Alberta fed steers slipped for six consecutive weeks from $115 at the start of April to $103 by mid-May, which was still almost $12 better than last year. The fed cattle cash-to-cash basis at mid-month was -6.42 per cwt, somewhat wider than the average year-to-date basis of -4.05 per cwt, but narrower than the -10.47 at the same time last year.
The Alberta and Saskatchewan cattle-on-feed report listed 1,000,899 head as of May 1, down three per cent from the year earlier. April marketings at 143,768 head were down 18 per cent from March in keeping with the tight numbers on feed since the start of the year. This marked the smallest April marketings since the start of this report in 2000. Reduced marketings are the result of reduced placements. In the past 12 months, with the exception of November and December 2010, the placement number has been lower than its comparable month from the year before. This month was no different. April placements were down seven per cent. To date in 2011 producers have placed 119,000 fewer cattle in western feedlots compared with the same five months of 2010.
Fed steer slaughter for 2011 as of May 7 was down 13 per cent at 430,604 head, while heifer slaughter was down six per cent at 365,652. To the end of April fed cattle exports were down 34 per cent from the same period in 2010 at 160,065 head.
Lightweight steers picked up in recent weeks as warmer weather led to spring grass. After a dip to $146 per cwt towards the end of April 550-pound feeder steers popped back to an average $154.50 by mid-May. A small increase was noted on the heavier feeders as well, with 850 steers that had dipped back to an average $115.50 at the end of April picked up another $1.67 to post $117.17 at press time in May. This compares to $117.21 on 550-pound steers and $98.56 on heavy feeders last year at this time.
Earlier in the spring demand for replacement-type females lent support to the heifer market however in recent weeks while steers gained ground heifers moved in the opposite direction. The 550-pound heifer average slumped from $136.10 to $129.90 per cwt from late April to mid-May. Heavier heifers saw the same downward movement from $115 to $108 by mid-month.
The 850-pound feeder basis held relatively steady over the past month. By mid-May it was running at -7.66 per cwt, which is 8.27 narrower than the same week in 2010. To date the average 850 basis has been historically tight in 2011 averaging -6.90 per cwt over the first 18 weeks compared to -12.67 in 2010 and -18.40 in 2009.
Total feeder exports to the end of April totalled just 39,614 head, down 57 per cent from 2010.
While cull cow prices have slipped back slightly in recent weeks they have certainly enjoyed a strong trend in 2011. Following the high reached in April at $80.45 per cwt prices softened to an average $74.08 by mid-May. That is still well ahead of the $60.01 posted in the same week last year. The average D1,2 price to date in 2011 is $71.41 per cwt compared to $50.97 in 2010 and $48.84 in 2009. Butcher bulls by mid-month were trading at an average $85.59 per cwt, in a range from $76 to $97. Exports of cull cattle to the end of April were only 67,003 head, down 26 per cent on the year. Cow slaughter is also down, by 14 per cent, but bull kill is up eight per cent.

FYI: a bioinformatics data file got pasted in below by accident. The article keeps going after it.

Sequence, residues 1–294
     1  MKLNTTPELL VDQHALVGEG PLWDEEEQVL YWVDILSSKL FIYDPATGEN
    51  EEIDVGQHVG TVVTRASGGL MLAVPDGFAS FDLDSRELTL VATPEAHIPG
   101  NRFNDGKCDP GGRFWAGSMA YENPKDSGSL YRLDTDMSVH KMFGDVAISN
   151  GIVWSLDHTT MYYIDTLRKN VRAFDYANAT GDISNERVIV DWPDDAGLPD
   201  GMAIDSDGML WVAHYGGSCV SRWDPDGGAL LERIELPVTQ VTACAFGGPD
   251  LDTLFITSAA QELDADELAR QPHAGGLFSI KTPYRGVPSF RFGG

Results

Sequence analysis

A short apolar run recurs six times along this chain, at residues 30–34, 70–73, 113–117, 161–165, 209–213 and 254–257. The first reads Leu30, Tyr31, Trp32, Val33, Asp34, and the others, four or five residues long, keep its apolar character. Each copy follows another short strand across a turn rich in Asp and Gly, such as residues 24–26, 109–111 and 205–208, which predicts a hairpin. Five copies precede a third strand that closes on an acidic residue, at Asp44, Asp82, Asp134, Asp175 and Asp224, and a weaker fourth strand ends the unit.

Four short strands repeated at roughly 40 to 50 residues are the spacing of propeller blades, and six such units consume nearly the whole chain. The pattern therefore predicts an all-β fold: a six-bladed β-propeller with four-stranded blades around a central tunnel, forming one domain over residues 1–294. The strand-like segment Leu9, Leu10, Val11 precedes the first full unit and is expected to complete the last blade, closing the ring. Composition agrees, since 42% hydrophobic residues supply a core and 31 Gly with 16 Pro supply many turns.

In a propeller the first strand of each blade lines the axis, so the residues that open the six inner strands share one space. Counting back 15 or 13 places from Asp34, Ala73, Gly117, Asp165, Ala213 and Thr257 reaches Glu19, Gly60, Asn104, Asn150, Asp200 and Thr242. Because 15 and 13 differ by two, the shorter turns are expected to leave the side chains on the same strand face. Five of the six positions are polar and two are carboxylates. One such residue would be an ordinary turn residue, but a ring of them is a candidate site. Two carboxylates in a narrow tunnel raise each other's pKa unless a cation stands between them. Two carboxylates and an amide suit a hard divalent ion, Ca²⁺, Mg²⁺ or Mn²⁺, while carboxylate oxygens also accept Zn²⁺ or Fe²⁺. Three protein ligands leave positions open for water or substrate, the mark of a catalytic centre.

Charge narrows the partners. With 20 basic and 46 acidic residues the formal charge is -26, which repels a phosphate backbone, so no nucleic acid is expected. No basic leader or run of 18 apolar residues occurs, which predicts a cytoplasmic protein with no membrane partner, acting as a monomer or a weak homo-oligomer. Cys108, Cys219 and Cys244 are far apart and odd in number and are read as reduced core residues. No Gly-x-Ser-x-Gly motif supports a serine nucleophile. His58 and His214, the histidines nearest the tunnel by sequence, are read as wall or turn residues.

Supply is still one positive in the fed market as placements were down for the better part of a year but a seasonally large supply of calves will be ready for slaughter in late May and June. Exports are down and packers seem comfortable with their current inventory. A strong dollar and the fact the basis generally widens through June add further instability. As well, beef demand was slow off the mark in the face of rising retail costs and fuel bills, but any warm weather after such a cool spring should trigger some added barbecue sales. It all points to some seasonal downside in the fed market so it will be important for feedlots to remain current. Any increase in demand along with overall light supplies should lend some support to prices through this soft spot.
As farmers rush to catch up on field work feeder numbers will remain low with prices tied heavily to quality. Feeder prices usually trend up through summer, peaking in the third quarter, but the high prices earlier this year coupled with rising break-evens raise the possibility of a contra-seasonal trend. More likely the smaller calf crop and the relatively higher 2011 fed market will keep feedlots eager which will lend support to near-term feeder markets. Look for mostly steady prices on limited volumes at auctions over the next few months.
Cull prices generally peak towards the end of the second quarter however the $80.45 high for April D1,2 cows will be tough to top. Softening fed prices, the dollar and rising ground beef prices are negative factors pushing against a still strong demand for trim and grinding products and limited cow supply. Current seedstock prices will likely pull cows away from the slaughter market adding some support to cull prices.